US easing spurs inflation fears
Updated: 2013-02-28 02:04
By Chen Jia in Beijing and Zhang Yuwei in New York (China Daily)
As US Federal Reserve chairman Ben Bernanke suggested further monetary easing was on the way, economists warned that this could lead to higher inflation and dilute the value of China's foreign currency assets.
The warning came as China's monetary authorities are taking steps to prevent an asset bubble as economic growth picks up speed.
Bernanke told the Senate Banking Committee on Tuesday that the Fed initiative in bond purchases is creating a stronger recovery at home and "mutually beneficial" results for other countries.
"If all the major economies that need support provide stimulus and extra aggregate demand, that's mutually beneficial. For example, China depends on the strength of Europe and the US as its export market. This is a positive-sum game, not a zero-sum game," Bernanke said.
However, Zhang Yongjun, deputy director of the Economic Research Department of the China Center for International Economic Exchanges, a leading think tank, said Bernanke's remarks were only an excuse for a policy that may bring a "disastrous aftermath" to emerging economies.
"Although the short-term boosting of US demand for exports may benefit production growth in China, rising liquidity will pose a challenge," Zhang said.
China's currency rose for a fourth day on Wednesday influenced by Bernanke's defense for continually increasing the dollar supply.
The People's Bank of China raised the yuan's reference rate for a second day, strengthening it by 0.02 percent to 6.2842 to the dollar.
Zong Liang, deputy head of the international finance research institute of the Bank of China, said that the appreciation pressure on the yuan in the coming months may be mainly from the outside.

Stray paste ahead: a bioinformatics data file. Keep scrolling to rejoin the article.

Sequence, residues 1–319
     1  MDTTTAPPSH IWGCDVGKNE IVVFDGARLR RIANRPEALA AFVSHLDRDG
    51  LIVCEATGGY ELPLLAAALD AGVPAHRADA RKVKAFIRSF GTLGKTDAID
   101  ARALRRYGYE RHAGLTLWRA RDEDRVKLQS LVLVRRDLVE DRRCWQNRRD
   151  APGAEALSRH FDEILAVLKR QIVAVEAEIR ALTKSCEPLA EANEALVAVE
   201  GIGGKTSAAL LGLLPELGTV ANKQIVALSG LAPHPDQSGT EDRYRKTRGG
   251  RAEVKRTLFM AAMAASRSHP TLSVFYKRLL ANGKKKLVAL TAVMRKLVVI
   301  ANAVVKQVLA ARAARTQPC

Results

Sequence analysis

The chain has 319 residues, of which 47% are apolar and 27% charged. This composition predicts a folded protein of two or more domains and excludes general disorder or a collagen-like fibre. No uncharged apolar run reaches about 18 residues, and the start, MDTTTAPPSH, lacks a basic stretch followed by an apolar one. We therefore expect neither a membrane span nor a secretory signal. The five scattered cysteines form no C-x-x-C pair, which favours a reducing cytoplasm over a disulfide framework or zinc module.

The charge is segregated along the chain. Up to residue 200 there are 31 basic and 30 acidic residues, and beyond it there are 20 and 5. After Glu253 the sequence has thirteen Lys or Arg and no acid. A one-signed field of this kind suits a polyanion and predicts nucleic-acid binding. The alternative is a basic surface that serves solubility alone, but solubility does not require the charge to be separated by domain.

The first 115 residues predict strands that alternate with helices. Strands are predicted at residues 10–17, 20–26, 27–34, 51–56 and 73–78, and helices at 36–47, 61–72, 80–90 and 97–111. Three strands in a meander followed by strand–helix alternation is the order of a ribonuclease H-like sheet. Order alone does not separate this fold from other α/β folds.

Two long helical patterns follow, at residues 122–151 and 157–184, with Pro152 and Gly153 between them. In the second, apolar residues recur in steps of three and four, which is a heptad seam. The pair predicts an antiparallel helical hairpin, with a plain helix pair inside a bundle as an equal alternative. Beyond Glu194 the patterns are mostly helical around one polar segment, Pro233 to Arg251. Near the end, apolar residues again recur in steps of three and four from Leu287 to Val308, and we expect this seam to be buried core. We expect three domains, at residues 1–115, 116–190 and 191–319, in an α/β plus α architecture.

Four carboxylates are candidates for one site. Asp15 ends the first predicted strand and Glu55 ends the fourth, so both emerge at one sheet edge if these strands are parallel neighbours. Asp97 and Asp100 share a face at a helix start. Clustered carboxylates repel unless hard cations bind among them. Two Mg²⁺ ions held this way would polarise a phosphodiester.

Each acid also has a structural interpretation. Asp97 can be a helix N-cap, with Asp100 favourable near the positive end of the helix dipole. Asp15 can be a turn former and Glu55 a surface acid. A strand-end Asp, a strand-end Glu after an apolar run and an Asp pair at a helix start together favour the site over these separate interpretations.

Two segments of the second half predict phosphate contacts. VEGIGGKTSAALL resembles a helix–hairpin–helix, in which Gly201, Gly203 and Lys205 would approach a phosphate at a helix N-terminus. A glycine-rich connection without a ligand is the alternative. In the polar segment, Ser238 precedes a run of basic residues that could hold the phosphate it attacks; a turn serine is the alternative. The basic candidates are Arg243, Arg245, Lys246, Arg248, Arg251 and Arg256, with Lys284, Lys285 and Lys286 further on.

The Fed currently purchases $85 billion in bonds every month, and there will be no clear termination signal unless it sees a substantial improvement of the employment situation, Chinese economists said.
Since the financial crisis broke out in 2008, the Fed has launched three rounds of quantitative easing in which it increased the money supply by buying Treasury bonds and certain mortgage-backed securities. This has involved more than $2.5 trillion so far, and slashed the interest rates to effectively zero. In September 2012, the Fed launched the third round, dubbed QE3.
Lawrence Goodman, president of the Center for Financial Stability, a New York think tank, called QE3 "a bet being waged over time".
Such a monetary policy aimed at domestic objectives benefits China in the short term, by helping to keep the global economy afloat. But "distortions in financial markets related to this untraditional monetary policy can prove to be a substantial cost in the future," he said.
"Countries with relatively high interest rates will be more heavily influenced by the move to QE by many central banks around the world in addition to the Fed," he added.
Japan's Prime Minister Shinzo Abe has also taken drastic monetary easing measures to fulfill his election promise of ending deflation and reviving growth.
Dubbed "Abenomics'', the policy has pulled down the Japanese currency by 16 percent versus the US dollar and 21 percent against the euro since November. Meanwhile, the Japanese stock market has been risen by 27 percent.
"For China, the influence of Japan's monetary easing is predicted to be less than that from the US," Zhang from the CCIEE said.
The widespread monetary easing is likely to drive large capital inflows to China, pushing up commodity prices and increasing inflation, said Liu Ligang, chief China economist at ANZ Banking Group Ltd.
"Signals such as absorbing the 910 billion yuan ($144 billion) of currency liquidity last week, have shown that China's central bank is inclined to tighten the monetary policy," Liu said. "It also looks impossible for China to raise interest rates in the first half this year."
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